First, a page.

Molded Interconnect Device Technology Enables Smaller Medical Devices
- Monday, 01 March 2010
The need to minimize healthcare costs is creating greater demand for equipment that, among other things, improves and expands patient diagnostics, both inside and outside healthcare facilities. For example, portable medical instruments such as glucose meters, blood pressure monitors, and oxygen meters can be designed with communication capabilities to provide continuous information to caregivers almost anywhere. Smaller handheld devices can also improve various diagnostic procedures in dentistry and medical offices. In addition, these smaller portable devices can improve the quality of life for patients who use them. While such devices hold the promise of improved care at lower cost, they require advanced technologies that allow greater miniaturization to further improve portability and functionality.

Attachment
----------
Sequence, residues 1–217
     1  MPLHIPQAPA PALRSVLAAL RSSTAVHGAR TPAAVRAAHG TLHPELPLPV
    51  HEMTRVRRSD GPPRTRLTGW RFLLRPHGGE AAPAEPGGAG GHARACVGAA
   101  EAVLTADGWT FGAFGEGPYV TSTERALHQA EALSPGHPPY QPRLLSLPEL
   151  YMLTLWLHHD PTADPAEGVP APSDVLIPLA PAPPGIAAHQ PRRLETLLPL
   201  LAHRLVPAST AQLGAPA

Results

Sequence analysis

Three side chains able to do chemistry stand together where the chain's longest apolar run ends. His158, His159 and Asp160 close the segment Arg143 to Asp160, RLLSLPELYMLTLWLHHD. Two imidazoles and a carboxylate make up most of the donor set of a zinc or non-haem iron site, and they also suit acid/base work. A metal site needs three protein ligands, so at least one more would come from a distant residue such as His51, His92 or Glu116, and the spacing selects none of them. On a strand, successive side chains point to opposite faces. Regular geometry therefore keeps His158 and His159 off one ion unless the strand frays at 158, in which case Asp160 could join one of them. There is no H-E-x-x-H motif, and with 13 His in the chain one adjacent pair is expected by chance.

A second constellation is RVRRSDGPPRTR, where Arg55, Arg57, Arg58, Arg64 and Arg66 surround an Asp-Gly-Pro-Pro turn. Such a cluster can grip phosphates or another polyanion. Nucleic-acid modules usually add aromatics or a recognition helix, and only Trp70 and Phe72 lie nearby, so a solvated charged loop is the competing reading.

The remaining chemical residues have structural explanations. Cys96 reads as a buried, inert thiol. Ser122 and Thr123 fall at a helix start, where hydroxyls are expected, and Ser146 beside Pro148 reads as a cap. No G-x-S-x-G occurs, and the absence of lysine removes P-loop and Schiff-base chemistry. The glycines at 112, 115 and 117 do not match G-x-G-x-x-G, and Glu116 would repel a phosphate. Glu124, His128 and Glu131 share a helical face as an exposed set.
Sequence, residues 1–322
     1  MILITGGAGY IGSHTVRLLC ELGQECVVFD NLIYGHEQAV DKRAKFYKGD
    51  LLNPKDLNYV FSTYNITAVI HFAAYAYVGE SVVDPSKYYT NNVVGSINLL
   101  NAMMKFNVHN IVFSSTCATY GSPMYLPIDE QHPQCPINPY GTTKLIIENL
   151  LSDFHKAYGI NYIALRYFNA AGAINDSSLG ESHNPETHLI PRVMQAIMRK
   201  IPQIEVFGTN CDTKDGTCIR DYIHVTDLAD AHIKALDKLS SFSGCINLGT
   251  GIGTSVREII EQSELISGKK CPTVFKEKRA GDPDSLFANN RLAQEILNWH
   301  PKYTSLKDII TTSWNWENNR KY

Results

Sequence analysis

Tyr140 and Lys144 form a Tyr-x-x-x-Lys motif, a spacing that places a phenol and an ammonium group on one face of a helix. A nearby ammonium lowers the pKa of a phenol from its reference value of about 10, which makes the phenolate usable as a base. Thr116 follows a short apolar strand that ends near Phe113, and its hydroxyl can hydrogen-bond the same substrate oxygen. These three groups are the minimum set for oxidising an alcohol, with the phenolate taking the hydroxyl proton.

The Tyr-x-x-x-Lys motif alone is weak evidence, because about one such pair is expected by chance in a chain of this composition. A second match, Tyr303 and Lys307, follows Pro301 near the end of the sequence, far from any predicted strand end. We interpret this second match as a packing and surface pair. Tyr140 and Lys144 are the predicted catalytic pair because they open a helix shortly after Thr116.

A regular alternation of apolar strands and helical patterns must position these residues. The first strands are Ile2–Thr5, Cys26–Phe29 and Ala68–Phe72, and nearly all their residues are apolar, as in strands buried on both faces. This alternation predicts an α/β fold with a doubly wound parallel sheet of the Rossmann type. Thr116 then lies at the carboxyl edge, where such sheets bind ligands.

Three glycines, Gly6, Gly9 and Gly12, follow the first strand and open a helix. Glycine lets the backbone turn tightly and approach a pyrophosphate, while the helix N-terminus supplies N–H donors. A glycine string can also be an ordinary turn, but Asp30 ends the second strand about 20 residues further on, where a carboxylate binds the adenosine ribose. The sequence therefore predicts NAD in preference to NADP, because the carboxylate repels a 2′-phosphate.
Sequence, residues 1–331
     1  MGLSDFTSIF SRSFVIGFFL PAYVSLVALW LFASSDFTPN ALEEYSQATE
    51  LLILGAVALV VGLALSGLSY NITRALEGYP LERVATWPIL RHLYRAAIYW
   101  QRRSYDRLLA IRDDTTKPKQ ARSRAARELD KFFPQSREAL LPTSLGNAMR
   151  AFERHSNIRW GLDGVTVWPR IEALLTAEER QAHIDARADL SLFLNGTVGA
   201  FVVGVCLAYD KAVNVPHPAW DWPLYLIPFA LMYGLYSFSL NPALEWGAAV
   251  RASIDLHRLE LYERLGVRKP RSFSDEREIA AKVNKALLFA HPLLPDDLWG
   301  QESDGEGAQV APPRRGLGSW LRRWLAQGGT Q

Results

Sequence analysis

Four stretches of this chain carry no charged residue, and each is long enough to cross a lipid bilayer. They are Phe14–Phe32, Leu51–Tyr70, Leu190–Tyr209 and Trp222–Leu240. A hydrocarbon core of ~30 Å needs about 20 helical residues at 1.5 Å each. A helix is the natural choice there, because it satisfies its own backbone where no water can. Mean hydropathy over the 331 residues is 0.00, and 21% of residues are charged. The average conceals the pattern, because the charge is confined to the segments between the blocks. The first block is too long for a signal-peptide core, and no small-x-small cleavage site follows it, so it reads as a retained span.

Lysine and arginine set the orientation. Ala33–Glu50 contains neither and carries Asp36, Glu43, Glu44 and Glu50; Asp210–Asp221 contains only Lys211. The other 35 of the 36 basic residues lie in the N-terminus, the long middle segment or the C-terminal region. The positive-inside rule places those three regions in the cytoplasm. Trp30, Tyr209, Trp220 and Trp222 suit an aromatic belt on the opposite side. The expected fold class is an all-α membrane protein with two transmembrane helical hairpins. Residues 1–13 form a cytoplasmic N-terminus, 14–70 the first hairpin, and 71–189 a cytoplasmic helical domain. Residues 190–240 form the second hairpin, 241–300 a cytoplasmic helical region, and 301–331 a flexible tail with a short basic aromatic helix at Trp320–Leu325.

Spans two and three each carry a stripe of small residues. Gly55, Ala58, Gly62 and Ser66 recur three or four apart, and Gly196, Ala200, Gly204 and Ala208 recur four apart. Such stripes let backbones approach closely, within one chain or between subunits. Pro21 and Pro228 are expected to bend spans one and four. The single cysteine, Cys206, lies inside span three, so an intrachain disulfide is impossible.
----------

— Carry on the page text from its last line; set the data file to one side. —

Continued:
A variety of integrated circuits (ICs) such as sensor chips, data acquisition SOCs (systems on a chip), and microcontrollers have been developed that take miniaturization to new levels. Still, the final device package must also be miniaturized to meet the stringent requirements of each application. The use of Molded Interconnect Devices (MIDs) is growing as a way to increase miniaturization of the final assembly while increasing device functionality.
MIDs are injection molded plastic elements carrying electrical circuits, resulting in a kind of three-dimensional (3D) printed circuit board (PCB). Their electrical connections can be routed “around corners,” and components can be mounted in various spatial directions. MID incorporates technologies such as active compounds (typically metal complexes) in the plastic moldings, two-shot molding processes, laser direct structuring (LDS), and laser subtractive structuring (LSS) to create connection interfaces and conductor paths. This allows highly miniaturized circuit assemblies with a great deal of complexity, manufactured to precise specifications.